Date: May 25, 2009
Creator: Markowitz, Victor M.; Mavromatis, Konstantinos; Ivanova, Natalia N.; Chen, I-Min A.; Chu, Ken & Kyrpides, Nikos C.
Partner: UNT Libraries Government Documents Department

The Development and Evaluation of a Forecasting System that Incorporates ARIMA Modeling with Autoregression and Exponential Smoothing

Description: This research was designed to develop and evaluate an automated alternative to the Box-Jenkins method of forecasting. The study involved two major phases. The first phase was the formulation of an automated ARIMA method; the second was the combination of forecasts from the automated ARIMA with forecasts from two other automated methods, the Holt-Winters method and the Stepwise Autoregressive method. The development of the automated ARIMA, based on a decision criterion suggested by Akaike, borrows heavily from the work of Ang, Chuaa and Fatema. Seasonality and small data set handling were some of the modifications made to the original method to make it suitable for use with a broad range of time series. Forecasts were combined by means of both the simple average and a weighted averaging scheme. Empirical and generated data were employed to perform the forecasting evaluation. The 111 sets of empirical data came from the M-Competition. The twenty-one sets of generated data arose from ARIMA models that Box, Taio and Pack analyzed using the Box-Jenkins method. To compare the forecasting abilities of the Box-Jenkins and the automated ARIMA alone and in combination with the other two methods, two accuracy measures were used. These measures, which are free of magnitude bias, are the mean absolute percentage error (MAPE) and the median absolute percentage error (Md APE).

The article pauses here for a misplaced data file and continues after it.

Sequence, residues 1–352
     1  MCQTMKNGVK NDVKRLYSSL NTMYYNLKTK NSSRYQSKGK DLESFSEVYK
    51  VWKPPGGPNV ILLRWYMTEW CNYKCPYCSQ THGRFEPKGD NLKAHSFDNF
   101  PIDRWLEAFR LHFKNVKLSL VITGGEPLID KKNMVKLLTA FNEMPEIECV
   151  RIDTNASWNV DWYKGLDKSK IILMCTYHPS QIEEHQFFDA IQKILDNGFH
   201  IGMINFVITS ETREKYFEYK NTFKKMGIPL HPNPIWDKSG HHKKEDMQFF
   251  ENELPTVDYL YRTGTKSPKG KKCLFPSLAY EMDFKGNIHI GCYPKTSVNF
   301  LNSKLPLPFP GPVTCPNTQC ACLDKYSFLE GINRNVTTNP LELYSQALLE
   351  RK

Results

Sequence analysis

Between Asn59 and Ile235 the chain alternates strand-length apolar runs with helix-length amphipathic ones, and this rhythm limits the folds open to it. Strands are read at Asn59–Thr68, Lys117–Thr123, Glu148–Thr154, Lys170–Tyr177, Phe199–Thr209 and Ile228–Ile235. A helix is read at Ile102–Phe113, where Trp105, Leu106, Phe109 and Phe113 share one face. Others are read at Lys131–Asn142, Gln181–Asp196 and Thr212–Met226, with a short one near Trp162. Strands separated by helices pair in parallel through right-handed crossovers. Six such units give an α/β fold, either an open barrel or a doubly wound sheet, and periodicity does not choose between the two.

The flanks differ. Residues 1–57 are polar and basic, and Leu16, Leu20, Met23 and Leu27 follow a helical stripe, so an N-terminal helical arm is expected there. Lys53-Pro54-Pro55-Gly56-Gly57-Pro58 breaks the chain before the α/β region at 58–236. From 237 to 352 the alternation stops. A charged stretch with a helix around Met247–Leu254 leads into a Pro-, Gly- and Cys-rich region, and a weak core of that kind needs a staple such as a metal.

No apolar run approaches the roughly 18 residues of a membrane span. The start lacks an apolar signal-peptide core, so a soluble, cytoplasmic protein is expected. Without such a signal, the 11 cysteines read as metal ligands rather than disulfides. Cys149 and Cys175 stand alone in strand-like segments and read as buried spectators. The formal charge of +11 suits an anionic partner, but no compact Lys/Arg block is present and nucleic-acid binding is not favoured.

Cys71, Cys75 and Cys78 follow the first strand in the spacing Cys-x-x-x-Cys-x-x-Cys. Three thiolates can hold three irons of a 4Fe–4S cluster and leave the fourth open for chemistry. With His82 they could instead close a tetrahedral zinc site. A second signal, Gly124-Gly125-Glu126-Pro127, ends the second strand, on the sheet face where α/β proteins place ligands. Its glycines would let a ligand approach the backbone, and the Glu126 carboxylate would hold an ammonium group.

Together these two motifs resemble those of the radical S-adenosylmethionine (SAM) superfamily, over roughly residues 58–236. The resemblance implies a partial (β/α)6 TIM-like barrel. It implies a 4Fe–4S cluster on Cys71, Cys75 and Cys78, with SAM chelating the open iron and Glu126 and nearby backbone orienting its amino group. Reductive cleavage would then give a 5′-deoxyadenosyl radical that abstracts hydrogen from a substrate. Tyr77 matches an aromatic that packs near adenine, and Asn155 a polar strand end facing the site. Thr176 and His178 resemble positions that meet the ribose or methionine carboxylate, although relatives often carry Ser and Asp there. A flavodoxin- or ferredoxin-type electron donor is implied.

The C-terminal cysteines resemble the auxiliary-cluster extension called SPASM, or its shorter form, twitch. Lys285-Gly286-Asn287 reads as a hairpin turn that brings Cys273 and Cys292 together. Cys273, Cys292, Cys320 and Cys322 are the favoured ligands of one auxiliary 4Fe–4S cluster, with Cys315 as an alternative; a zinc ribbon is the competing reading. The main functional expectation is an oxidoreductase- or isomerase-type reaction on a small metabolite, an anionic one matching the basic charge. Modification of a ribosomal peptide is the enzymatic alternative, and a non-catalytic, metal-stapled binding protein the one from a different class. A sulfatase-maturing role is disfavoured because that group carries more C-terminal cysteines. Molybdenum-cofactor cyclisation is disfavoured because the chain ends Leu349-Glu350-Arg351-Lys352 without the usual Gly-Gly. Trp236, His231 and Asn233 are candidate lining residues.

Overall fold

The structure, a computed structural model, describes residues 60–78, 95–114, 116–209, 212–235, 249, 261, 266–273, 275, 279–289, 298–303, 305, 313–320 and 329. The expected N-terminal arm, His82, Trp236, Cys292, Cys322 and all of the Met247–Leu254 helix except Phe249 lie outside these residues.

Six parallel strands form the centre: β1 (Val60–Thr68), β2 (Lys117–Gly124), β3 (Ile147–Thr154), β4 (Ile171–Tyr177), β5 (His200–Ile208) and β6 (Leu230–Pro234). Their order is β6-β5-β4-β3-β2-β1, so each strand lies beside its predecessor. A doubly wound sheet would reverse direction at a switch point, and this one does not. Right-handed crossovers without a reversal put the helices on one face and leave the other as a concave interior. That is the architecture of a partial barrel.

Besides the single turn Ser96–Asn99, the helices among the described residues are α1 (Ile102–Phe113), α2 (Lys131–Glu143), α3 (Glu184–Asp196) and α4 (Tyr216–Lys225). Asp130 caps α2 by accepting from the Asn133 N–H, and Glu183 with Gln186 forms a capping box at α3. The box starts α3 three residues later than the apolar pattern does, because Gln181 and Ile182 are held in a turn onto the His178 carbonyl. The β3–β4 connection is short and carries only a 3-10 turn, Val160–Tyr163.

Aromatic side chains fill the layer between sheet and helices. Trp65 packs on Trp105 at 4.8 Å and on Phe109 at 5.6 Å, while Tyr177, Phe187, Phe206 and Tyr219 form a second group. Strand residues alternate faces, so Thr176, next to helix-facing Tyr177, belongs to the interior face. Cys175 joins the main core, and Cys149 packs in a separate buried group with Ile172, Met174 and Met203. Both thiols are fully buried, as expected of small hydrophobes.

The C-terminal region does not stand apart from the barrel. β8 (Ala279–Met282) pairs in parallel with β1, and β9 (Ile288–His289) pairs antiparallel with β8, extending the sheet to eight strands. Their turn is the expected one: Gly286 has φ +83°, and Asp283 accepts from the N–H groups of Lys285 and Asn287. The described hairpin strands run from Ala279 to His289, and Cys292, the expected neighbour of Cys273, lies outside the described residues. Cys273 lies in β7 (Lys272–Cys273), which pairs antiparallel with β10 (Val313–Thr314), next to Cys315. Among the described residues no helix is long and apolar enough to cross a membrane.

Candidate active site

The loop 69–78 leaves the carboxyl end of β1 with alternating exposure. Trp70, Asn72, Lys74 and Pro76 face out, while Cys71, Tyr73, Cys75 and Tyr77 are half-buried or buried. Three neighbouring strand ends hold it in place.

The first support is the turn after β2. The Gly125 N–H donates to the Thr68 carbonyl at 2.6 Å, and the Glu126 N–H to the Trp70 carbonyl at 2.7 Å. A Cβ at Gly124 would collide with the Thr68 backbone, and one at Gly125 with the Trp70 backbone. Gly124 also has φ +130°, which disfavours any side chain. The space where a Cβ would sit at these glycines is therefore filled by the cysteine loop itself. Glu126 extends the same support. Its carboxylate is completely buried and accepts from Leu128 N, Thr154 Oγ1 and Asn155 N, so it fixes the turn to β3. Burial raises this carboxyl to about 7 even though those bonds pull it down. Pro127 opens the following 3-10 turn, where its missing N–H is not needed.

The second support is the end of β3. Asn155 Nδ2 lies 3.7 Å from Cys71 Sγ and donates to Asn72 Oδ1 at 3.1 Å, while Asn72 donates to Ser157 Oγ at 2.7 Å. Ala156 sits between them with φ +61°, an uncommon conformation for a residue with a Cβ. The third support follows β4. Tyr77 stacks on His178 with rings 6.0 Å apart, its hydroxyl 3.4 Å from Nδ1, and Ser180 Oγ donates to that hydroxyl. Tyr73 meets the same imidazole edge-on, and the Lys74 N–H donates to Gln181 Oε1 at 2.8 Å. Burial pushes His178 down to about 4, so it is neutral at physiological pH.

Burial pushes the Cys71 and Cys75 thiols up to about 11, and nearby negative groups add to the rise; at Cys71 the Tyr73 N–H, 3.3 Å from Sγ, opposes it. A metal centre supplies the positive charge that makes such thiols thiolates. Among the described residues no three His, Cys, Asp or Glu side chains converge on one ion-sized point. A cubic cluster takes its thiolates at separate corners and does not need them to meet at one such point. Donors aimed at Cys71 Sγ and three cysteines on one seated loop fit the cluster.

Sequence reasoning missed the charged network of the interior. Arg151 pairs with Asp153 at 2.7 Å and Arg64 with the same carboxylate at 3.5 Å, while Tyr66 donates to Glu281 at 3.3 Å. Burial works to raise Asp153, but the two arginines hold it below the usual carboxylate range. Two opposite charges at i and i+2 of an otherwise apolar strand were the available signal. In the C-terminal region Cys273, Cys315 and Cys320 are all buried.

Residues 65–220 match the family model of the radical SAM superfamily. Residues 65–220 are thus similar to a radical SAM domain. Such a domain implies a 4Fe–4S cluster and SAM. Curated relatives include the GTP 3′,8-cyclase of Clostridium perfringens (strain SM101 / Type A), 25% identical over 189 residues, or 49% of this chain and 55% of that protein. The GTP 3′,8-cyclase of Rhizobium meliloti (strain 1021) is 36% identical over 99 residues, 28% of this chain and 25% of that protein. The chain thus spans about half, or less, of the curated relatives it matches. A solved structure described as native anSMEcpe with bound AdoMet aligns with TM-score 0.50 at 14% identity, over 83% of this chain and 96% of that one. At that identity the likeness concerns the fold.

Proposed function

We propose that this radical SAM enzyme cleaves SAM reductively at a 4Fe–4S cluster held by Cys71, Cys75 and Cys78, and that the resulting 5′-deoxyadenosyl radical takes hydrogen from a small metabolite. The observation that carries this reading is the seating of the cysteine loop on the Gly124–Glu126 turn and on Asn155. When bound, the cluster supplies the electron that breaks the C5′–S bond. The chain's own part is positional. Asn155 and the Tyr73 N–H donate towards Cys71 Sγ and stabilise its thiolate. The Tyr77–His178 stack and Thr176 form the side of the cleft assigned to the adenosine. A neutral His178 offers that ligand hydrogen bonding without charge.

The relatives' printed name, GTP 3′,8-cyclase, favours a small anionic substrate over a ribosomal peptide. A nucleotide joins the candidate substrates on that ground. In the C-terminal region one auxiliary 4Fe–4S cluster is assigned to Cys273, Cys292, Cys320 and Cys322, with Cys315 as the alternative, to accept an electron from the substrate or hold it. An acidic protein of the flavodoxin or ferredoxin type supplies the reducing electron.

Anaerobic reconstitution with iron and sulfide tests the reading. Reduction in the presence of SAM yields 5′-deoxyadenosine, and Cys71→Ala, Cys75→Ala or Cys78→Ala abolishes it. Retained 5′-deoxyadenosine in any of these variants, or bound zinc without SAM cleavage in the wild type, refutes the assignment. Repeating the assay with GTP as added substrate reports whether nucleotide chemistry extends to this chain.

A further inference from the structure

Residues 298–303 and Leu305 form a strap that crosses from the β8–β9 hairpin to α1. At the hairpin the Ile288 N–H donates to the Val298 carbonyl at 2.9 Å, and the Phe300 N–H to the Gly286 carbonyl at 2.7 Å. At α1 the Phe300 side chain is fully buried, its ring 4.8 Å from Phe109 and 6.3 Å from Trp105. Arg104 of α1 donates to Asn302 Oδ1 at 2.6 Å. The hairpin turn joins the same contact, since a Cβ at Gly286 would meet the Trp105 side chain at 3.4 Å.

Date: May 1985
Creator: Simmons, Laurette Poulos
Partner: UNT Libraries

A Theoretical and Empirical Investigation into the Application af a Cash-Flow Accounting System

Description: The objective of this research is to make a theoretical and empirical investigation into the application of a cashflow accounting system. The theoretical investigation provides a definition for cash-flow accounting; it also examines the major arguments for a cash-flow reporting system. Three hypotheses are proposed for testing. The first states that during periods of changing prices, performance indicators that are based on the conventional accrual accounting will diverge from performance indicators that are based on cash-flow accounting and will continue to diverge over time. The second states that this divergence will disappear if the effects of inflation are partialled out. The third states that cash-flow statements, properly interpreted, will enable users to predict business failure.
Date: December 1983
Creator: Habib, Abo-El-Yazeed Tawfik
Partner: UNT Libraries

Affective Forecasting: the Effects of Immune Neglect and Surrogation